The transparency of the hydrocarbon licensing rounds has been praised all over the world. It has also sparked the increasing interest of international companies in the country. While recognizing this, Castro remains vigilant wary of the work that remains to ensure continuity in the Mexican refining and petrochemical industry. “We must be absolutely sure that the market opening brought about by the reform cannot and will not change, taking us back to a market with regulated prices, because that would diminish international interest in Mexico. Another important component for continuity is the open seasons, which have been delayed,” she says. Finally, she calls for an update on the process of PEMEX’s search for partners to upgrade its refineries in Tula, Salamanca and Salina Cruz.

Castro also warns that despite the the positive and negative effects of having the largest refiner in the world, the US, right next to an industry that is just opening after 80 years, there are also negatives. “Mexico being neighbors with of the largest refiner in the world could eventually translate into pricing advantages, especially if it is arranged through long-term contracts,” she says. “Although this is a big win for the country, it can also be detrimental to the local market because it could prevent local projects from being profitable.”


Mexico is known as a perfect logistics hub, as evidenced by the prosperous automotive and aerospace industries. In terms of petrochemicals, the country has also managed to positioned itself in a competitive location, although the decrease in production and energy security are problems that must be solved to ensure the country maintains its position. Bracho explains that although the Energy Reform has resulted in more competition, it is still too early to properly measure the impact. “This sector takes a long time from the moment time an operator is awarded an oil field to when it produces the first commercial molecule of gas, and then until the point it is used for the production for raw materials,” he says. “We will start to see the results of the industry’s opening and the arrival of petrochemical players in about three years. Also, we have to bear in mind the process of building storage capacity and transferring gas from production fields to these plants, so any petrochemical company can use it.”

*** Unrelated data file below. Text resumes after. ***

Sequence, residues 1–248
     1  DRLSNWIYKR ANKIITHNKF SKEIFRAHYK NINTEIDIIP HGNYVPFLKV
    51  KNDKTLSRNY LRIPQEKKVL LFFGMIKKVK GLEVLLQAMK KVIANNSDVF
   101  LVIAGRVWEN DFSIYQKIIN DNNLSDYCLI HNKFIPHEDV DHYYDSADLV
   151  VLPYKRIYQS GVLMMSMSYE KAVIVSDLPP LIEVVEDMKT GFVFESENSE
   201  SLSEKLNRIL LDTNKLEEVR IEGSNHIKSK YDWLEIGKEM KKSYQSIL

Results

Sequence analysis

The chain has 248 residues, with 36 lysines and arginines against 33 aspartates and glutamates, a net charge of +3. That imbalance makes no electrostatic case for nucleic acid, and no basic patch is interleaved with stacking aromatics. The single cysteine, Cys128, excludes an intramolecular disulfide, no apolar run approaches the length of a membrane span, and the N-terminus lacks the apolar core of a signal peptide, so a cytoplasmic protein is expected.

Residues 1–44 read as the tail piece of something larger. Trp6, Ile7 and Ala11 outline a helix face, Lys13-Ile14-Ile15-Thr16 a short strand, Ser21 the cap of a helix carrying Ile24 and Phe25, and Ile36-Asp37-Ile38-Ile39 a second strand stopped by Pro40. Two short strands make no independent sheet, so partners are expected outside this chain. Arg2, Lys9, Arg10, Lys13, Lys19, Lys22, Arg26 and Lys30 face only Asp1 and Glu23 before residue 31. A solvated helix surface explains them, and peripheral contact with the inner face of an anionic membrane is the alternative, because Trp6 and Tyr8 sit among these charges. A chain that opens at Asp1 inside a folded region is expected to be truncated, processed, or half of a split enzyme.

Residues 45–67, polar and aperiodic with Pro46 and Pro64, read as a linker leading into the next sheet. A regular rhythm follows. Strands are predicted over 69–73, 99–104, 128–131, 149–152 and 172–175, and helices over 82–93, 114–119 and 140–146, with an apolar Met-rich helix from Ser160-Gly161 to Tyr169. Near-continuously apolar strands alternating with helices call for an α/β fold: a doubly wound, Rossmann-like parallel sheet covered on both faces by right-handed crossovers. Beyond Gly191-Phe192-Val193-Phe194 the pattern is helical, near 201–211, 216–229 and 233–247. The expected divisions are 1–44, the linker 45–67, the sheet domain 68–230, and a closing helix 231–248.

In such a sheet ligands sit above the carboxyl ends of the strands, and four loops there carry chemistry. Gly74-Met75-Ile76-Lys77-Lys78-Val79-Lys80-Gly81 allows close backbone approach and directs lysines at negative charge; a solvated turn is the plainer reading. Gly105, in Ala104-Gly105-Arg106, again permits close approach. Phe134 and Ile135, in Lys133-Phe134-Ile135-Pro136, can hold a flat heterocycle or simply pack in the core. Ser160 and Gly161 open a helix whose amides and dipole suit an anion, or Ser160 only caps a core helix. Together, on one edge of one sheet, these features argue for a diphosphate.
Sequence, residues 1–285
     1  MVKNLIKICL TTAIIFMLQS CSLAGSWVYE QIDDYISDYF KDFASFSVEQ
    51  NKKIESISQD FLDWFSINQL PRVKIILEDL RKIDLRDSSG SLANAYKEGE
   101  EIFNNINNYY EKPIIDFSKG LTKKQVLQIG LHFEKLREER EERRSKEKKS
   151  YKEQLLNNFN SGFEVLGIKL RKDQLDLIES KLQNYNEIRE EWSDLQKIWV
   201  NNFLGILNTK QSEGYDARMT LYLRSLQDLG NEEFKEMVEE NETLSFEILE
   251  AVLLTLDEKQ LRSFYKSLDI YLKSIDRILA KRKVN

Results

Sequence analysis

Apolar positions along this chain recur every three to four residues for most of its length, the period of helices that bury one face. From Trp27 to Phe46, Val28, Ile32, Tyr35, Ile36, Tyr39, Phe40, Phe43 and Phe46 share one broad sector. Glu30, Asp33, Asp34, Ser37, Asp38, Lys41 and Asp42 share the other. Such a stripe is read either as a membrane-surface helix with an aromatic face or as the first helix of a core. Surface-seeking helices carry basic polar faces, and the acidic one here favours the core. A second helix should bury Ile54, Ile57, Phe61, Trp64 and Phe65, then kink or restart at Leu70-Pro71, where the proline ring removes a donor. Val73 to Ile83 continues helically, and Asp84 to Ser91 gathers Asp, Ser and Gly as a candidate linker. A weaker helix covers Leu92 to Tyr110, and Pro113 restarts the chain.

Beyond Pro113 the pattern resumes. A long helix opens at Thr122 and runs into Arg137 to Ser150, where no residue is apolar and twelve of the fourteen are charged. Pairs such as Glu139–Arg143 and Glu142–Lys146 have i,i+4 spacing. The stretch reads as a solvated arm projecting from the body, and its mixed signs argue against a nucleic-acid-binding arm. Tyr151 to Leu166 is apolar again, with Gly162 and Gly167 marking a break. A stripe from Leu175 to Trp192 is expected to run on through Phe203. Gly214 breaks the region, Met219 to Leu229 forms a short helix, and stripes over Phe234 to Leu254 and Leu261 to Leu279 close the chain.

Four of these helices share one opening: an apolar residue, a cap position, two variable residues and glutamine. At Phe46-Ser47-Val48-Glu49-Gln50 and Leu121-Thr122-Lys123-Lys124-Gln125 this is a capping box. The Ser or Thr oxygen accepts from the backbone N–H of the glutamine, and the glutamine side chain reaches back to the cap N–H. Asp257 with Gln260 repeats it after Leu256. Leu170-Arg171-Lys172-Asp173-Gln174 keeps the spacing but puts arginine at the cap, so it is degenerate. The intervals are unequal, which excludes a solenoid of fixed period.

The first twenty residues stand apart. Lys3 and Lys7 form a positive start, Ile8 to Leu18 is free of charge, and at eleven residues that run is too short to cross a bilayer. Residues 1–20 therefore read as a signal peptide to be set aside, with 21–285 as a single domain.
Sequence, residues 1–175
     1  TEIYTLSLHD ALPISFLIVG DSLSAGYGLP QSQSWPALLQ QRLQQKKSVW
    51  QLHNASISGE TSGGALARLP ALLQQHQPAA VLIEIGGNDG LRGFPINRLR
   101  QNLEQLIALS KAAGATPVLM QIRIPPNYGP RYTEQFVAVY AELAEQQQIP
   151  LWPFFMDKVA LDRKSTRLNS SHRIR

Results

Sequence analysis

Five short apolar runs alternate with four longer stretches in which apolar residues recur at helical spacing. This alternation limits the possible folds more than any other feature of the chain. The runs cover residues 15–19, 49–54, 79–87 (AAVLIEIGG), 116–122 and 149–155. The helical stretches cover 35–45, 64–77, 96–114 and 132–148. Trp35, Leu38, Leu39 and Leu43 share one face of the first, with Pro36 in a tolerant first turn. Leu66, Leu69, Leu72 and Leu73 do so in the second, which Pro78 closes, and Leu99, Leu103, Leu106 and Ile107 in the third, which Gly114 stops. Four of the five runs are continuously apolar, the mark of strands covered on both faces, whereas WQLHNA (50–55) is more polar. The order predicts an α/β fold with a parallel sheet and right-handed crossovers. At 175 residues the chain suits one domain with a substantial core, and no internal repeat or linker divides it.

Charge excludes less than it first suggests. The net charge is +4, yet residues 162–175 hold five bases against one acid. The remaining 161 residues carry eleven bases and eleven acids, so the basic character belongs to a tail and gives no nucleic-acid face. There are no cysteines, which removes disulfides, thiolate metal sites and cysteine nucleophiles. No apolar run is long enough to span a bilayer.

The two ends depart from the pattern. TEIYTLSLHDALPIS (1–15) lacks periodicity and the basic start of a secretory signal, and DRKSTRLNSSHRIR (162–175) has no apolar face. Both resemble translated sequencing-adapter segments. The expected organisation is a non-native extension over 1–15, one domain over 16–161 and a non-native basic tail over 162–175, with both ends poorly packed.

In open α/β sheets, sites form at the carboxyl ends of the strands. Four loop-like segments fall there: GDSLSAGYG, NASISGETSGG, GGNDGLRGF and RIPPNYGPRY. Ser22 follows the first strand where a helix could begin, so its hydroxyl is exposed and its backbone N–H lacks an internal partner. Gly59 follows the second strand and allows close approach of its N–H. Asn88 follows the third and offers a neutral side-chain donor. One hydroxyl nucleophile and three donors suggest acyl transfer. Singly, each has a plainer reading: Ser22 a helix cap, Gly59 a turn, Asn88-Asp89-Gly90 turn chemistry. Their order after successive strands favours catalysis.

Furthermore, according to Lepecki, the country is capable of doing so. “If we continue working in a collaborative manner, this country will have an unbeatable status as a global center for petrochemicals. The natural resources are here, the logistics networks are established and it is an open and competitive market. The emphasis on the sector is there, so we have to make the most of this situation to propel the sector to new heights.,” he says. Bracho shares Lepecki’s positive vision. “I am quite positive about the industry’s future in Mexico and I expect to see a reversal in the current downtrend in the country’s production from next year on.”